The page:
For the Birds Radio Program: Chopping Down Trees
A pair of baby nuthatches reminds Laura Erickson of how important it is to leave nest trees alone in summer. 3:52
Last week one of my neighbor’s brought me two tiny baby birds, sprouting pinfeathers but not much else yet. He had chopped down a birch tree and then discovered them in a small cavity. One baby died in the crash, and there was an unhatched egg still in the hole, but these two were still alive. I assumed they were chickadees, but as their feathers grew in the next few days, I realized they were Red-breasted Nuthatches.
Birds that nest in cavities spend their early days in darkness, and these little guys were scared out of their gourds at the big, bright world and especially us–enormous strangers peering down on them. I’m sure our forward-facing eyes conjured up fearful instincts of those most dreaded of predators, owls and cats. They crouched low and motionless and kept their eyes closed, looking just about dead.
They were still very young, but knew darned well that I wasn’t their mother. It took almost an hour of my making high-pitched squeaks to finally get them to open their mouths for me to feed them. But for being so tiny–they both fit together in my palm with plenty of room to spare–they sure ate a lot. I went through about fifty mealworms the first afternoon, and the second and third days they ate about a hundred mealworms apiece. This represented hundreds of feedings–they could only manage half a mealworm in a mouthful. I had to use a forceps to get the morsels in their tiny mouths.
Their feathers grew almost visibly–within two days they were fluttering their wings and stretching their legs and looking utterly adorable. Like all baby songbirds, they fluttered their wings and opened their brightly colored mouths wide when begging, making high-pitched calls. But as they started looking more like nuthatches, they also started sounding more like them, making little nasal beeps. They started climbing up in the container, and then looking all about, utterly absorbed in studying their surroundings. This is probably a critical stage for young birds to imprint on the sights and sounds of a proper nest tree. They should have been outside, learning about birches, instead of on my desk, learning about bird books and coffee mugs. These guys are doing fine, and rm sure they’ll be successfully released, but they may not be as adept as other nuthatches at building a shelter for the winter and a nest cavity for raising their own babies.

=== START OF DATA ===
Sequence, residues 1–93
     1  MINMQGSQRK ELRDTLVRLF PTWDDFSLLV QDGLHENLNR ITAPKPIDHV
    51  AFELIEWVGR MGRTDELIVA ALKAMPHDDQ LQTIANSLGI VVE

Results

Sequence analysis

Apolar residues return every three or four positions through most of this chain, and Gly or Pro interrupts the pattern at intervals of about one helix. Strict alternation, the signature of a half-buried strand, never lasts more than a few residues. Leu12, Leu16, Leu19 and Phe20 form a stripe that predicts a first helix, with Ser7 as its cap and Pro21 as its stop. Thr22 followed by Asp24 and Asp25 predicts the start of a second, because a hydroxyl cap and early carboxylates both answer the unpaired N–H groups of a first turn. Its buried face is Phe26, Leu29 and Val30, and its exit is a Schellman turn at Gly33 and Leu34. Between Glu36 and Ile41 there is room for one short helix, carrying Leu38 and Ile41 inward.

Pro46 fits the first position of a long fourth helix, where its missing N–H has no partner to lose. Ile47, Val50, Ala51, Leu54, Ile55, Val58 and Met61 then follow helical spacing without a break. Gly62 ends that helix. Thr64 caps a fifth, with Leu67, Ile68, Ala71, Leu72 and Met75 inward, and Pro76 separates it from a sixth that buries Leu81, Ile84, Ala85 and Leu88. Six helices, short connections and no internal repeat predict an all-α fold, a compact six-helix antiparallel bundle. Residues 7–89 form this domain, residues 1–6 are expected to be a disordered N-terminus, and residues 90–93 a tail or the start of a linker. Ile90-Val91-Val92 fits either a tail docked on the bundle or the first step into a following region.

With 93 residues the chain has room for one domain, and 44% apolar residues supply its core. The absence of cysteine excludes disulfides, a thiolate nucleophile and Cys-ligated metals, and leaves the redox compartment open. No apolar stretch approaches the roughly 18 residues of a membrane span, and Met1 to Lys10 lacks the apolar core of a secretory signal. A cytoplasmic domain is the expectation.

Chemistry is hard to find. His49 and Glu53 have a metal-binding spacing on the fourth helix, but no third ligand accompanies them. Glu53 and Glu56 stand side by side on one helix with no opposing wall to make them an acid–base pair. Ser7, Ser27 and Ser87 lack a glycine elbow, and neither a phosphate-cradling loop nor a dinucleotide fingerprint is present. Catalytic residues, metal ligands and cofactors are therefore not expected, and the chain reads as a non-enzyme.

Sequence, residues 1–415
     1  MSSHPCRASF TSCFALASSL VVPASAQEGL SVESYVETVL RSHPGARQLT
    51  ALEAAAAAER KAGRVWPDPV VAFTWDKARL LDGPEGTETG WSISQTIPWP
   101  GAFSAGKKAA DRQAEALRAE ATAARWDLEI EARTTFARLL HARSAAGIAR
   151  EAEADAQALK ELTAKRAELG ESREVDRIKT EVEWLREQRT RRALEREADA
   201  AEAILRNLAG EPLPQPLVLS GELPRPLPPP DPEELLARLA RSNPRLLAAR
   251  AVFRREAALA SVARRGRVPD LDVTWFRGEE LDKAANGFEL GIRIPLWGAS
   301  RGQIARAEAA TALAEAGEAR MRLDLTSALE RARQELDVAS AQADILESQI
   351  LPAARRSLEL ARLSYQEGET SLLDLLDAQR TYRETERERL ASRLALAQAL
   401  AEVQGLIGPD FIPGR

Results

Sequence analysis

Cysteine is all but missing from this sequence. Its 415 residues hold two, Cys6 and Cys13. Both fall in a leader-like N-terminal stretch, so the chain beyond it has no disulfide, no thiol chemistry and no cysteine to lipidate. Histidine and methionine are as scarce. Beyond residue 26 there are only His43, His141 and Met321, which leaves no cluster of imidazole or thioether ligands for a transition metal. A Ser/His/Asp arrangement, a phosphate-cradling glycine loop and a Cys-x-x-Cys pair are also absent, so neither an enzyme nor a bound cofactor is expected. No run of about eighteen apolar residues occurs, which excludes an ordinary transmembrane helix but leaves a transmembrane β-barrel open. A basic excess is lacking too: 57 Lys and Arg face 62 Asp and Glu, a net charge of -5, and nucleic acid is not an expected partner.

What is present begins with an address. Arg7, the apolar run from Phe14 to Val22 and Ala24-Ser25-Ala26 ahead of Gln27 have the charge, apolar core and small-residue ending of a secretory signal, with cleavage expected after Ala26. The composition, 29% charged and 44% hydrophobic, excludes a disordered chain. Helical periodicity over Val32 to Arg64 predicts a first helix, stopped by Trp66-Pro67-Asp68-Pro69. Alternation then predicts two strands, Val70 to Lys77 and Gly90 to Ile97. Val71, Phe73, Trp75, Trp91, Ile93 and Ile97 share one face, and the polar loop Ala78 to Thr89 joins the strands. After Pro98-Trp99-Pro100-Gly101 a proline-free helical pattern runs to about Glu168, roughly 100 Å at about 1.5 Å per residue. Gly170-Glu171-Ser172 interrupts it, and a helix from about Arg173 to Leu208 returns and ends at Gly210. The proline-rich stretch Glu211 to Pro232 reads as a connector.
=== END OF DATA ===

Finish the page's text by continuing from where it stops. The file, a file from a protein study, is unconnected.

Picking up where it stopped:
I also felt sorry for their parents, who must still be grieving the loss of their tree and their babies. Nuthatches and chickadees excavate their own holes, and up here they usually choose birches, short-lived trees that get rotten spots easy for tiny beaks to chip. Unfortunately, humans don’t like rotten birches in their backyards, so we chop them down. Little birds, trying desperately hard to be inconspicuous so crows and jays won’t notice them, are great at avoiding our detection, too, until it’s too late. But when we search hard in late spring and early summer, it’s hard to find any big tree that doesn’t harbor some kind of nest. Little songbirds have enough problems nowadays–let’s give them a break during their brief nesting season. There are more than nine months of the year when we can safely chop down trees. But from mid-May through the end of July, put those axes down and enjoy the more quiet sounds of a summer filled with birds.